Five strange things all Pakistani fauji’s do

Published: March 23, 2014

They are our real life heroes and being with them is nothing short of being with superheroes.

In countries like Pakistan, army officers are treated with a special kind of respect and having a fauji (soldier) friend is considered to be an honour. I am sure many people know what it feels like to have a friend who is either a Gentleman Cadet (GC) or a ‘leftanent’ as a lieutenant is usually called.

It’s a feeling that cannot be explained in words. However, in my case, the ratio of fauji friends is quite high since I have grown up in the company of many ‘army boys’. Hence, in recognition of my fauji friends and their efforts, I decided to write something about their exhausting and somewhat peculiar, lifestyles – which they seem to enjoy so zealously.

So, here is a list of things which may seem normal to an army officer but are quite strange to most civilians. 

Faujis on social media 

Although social media is setting a trend in every sphere of life, our army boys have found news ways of using Facebook. Statuses, comments and wall posts are mostly done in a typical fauji style. ‘Fauji style’, you wonder? The following examples might help you get a better idea:

The phrase ‘buck up’ is used religiously. Whether it’s an engagement announcement, a sad status or a family picture, you will definitely see a ‘buck up’ comment if you have a fauji in your friends list.

Also, faujis love putting up Queen Elizabeth’s quotes as their cover photos, like,

“If an army officer loves you, walk like a queen.”

Respect above all, no matter what!

Then, there is the ‘respect factor’. Yes, even on Facebook. If a senior officer comments on something, the juniors will be seen agreeing with him. Hence, if a senior officer comments on a picture of a flower saying,

“This flower is not a flower.”

Then, all junior officers will comment agreeing that the flower is in fact, not a flower. You will see comments like,

“It’s a disgrace to the community of flowers!”

“Kill this flower!”

There are also differences when it comes to sharing pictures on social media. If your friend is a GC for instance, then most of the time he will upload pictures of the exercise area with his course mates. However, if he has completed his training, the pictures will usually be of his unit.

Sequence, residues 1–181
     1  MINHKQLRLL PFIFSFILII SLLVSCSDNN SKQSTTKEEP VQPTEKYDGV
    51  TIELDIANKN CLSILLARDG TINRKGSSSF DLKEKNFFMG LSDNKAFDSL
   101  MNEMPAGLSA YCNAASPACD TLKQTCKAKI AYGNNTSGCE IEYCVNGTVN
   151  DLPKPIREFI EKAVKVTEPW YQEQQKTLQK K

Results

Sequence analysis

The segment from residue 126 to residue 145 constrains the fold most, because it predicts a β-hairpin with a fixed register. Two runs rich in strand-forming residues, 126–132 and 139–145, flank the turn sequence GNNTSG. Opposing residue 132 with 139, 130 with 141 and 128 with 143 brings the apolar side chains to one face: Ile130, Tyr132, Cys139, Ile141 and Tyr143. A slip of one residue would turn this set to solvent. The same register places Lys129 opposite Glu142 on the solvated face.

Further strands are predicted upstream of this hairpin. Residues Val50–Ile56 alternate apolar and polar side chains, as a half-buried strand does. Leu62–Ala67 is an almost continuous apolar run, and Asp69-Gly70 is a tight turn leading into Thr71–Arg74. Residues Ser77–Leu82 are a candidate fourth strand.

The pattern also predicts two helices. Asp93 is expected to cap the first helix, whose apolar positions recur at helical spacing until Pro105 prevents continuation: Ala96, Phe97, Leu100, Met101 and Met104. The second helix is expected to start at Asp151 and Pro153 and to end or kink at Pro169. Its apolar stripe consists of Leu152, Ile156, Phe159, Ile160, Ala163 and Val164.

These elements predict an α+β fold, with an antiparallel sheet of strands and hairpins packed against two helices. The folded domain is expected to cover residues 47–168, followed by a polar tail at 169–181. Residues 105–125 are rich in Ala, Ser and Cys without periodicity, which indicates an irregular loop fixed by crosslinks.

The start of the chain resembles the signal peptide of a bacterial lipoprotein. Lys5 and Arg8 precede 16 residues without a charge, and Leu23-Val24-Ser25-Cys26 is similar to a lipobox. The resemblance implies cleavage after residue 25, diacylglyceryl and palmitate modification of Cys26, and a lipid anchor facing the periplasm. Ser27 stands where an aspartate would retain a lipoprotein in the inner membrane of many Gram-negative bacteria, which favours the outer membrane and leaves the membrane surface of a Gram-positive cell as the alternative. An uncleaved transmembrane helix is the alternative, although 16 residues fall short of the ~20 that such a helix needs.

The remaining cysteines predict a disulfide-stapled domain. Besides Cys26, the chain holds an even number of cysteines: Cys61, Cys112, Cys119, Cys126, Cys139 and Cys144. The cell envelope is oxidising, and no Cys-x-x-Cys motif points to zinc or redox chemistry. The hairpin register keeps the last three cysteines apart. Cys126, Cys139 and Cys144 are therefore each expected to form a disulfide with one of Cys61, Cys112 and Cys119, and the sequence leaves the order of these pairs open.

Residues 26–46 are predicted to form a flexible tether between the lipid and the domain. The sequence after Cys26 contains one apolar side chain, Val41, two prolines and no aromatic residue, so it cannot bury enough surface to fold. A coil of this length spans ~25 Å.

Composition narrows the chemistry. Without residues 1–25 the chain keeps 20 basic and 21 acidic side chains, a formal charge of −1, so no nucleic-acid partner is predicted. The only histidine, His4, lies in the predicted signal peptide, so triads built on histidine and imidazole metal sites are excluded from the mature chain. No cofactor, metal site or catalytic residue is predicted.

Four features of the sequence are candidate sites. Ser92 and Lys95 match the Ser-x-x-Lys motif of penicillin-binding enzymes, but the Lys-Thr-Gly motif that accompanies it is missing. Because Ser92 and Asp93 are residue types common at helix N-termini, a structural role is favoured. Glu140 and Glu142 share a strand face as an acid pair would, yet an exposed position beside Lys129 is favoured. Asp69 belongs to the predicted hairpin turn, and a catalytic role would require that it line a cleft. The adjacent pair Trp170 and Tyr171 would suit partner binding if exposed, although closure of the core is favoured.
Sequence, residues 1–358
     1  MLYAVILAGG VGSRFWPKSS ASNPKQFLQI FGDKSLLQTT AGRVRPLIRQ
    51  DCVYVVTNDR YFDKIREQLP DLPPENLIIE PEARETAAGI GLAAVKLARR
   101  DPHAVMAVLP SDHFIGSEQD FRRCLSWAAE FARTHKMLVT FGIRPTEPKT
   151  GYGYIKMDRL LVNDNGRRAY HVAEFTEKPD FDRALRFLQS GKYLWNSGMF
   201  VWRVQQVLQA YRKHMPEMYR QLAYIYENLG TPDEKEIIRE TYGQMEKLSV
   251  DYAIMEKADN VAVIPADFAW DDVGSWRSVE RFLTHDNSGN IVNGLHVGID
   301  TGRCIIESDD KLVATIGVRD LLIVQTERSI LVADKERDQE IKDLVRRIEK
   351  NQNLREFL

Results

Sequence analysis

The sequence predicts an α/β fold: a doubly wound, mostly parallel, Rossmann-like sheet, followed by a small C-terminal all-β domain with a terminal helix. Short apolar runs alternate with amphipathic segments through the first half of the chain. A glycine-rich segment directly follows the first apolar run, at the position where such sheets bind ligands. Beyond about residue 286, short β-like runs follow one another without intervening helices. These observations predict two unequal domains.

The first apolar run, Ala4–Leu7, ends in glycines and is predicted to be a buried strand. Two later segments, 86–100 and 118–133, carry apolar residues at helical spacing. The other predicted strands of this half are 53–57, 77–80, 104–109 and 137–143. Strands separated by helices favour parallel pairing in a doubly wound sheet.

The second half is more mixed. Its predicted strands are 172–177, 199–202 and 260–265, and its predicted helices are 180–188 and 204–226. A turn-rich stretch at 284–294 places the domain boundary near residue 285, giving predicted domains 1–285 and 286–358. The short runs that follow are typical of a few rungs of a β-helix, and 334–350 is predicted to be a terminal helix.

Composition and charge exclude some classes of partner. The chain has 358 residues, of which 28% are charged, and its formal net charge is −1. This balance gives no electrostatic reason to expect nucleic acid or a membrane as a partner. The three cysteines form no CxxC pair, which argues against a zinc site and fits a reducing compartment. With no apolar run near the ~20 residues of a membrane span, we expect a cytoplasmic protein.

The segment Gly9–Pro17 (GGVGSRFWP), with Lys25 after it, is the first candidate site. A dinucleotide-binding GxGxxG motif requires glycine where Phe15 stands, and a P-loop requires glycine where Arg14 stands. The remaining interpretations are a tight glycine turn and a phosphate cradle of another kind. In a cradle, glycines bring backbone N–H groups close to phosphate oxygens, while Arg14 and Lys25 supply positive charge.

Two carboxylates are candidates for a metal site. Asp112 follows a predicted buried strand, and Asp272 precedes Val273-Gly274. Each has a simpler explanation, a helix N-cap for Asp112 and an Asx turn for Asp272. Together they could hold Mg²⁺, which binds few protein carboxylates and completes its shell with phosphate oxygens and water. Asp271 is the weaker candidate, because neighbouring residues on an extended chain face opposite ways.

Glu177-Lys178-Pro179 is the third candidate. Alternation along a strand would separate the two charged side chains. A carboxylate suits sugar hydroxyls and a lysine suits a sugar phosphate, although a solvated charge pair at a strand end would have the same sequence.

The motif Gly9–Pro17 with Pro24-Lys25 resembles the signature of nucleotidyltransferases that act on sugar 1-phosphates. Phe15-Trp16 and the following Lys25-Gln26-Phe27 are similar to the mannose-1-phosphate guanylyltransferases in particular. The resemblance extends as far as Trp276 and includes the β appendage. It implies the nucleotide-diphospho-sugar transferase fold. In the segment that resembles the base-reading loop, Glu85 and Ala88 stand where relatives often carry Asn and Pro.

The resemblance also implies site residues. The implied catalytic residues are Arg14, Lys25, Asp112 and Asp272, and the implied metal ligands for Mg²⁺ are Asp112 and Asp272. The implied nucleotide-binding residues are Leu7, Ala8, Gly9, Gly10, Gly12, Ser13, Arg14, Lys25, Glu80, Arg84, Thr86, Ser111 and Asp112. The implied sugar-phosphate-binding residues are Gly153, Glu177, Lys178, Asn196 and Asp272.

On the other hand, an infantry officer will upload pictures of himself with pistols, small guns, big guns and anything he can find which fits the definition of a gun; while an armoury lad will upload pictures sitting, hanging or running with a military tank.

If you go to a fauji’s Facebook wall, it will mostly be filled with posts from his civilian friends, asking him to take them on an outing with the earnings he had been planning to save. In other words, a fauji coming home for a vacation is like a man coming out of a casino – completely broke!

Fauji jawaans and women

This is the weirdest phenomenon. People generally believe that women love army officers and although this is somewhat true, the problem is that women don’t come across many faujis since they are on their posts performing their duties. Consequently, army officers don’t come across many women either since their place of posting mostly includes areas where few or no women can be found.

Hence, while many women go crazy for the fauji jawaans and the fauji jawaans pine for women, very few of them actually find each other.

Fauji vocabulary – welcome to abuse galore

If you want to excel in abusive language and that too in English, then it’s best to keep a fauji friend by your side. While sitting with army officers and listening to their stories, you can perfect the art of using the ‘F-word’, the ‘S-word’, the ‘B-word’ and other abuses.

It seems like they have this special, inherent ability to make abusive statements.

‘Single’ fauji

A soldier who is still single is a great asset, both for his country and his friends. Most of these army boys get engaged as soon as they get a promotion to the rank of ‘captain’. Before their engagement, they are busy partying and spending time with their buddies. However, after the engagement all their free time belongs to their future wives. It’s a miracle if you get to meet your fauji friend during his vacations once he gets engaged!

And throughout their engagement period, their Facebook statuses mainly include restaurant check-ins with their future wives.

Faujis are our superheroes 

However, keeping aside all the fun stuff, a civilian who has a fauji friend is in a constant state of anxiety. These army men perform their duties in difficult and conflicted areas of the country and their civilian friends are in constant fear of losing them. It scares and humbles me to think of my fauji friends who are the same age as me, posted in deserts and snow-capped mountains, just so I can feel safe while living a trivial existence – having fun with friends and family and roaming around city malls.

They may have their eccentricities but maybe that is why they are who they are and we are not. We need to respect them because they put their lives on the line so that people like you and I can lead full lives.

They are our real life heroes and being with them is nothing short of being with superheroes.

Sohail Khan

Dr Sohail Khan

The writer is working in the medical and pharmaceutical sector as a regulator and marketing specialist. He enjoys writing on issues related to the health sector. He tweets @sohailkhan4200 (

The views expressed by the writer and the reader comments do not necessarily reflect the views and policies of The Express Tribune.